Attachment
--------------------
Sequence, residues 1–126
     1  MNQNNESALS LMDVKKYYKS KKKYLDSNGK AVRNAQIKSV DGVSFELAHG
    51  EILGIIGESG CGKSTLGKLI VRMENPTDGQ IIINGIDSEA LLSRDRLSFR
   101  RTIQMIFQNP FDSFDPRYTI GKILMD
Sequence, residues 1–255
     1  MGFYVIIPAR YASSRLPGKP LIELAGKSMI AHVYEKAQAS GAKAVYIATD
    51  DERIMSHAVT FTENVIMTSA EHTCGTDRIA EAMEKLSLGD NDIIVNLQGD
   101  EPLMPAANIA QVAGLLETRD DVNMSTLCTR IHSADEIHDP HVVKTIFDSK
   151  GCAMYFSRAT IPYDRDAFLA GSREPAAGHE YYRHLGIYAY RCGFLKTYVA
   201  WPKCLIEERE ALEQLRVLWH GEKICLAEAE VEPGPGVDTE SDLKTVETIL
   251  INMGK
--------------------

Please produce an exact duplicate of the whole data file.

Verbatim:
Sequence, residues 1–126
     1  MNQNNESALS LMDVKKYYKS KKKYLDSNGK AVRNAQIKSV DGVSFELAHG
    51  EILGIIGESG CGKSTLGKLI VRMENPTDGQ IIINGIDSEA LLSRDRLSFR
   101  RTIQMIFQNP FDSFDPRYTI GKILMD
Sequence, residues 1–255
     1  MGFYVIIPAR YASSRLPGKP LIELAGKSMI AHVYEKAQAS GAKAVYIATD
    51  DERIMSHAVT FTENVIMTSA EHTCGTDRIA EAMEKLSLGD NDIIVNLQGD
   101  EPLMPAANIA QVAGLLETRD DVNMSTLCTR IHSADEIHDP HVVKTIFDSK
   151  GCAMYFSRAT IPYDRDAFLA GSREPAAGHE YYRHLGIYAY RCGFLKTYVA
   201  WPKCLIEERE ALEQLRVLWH GEKICLAEAE VEPGPGVDTE SDLKTVETIL
   251  INMGK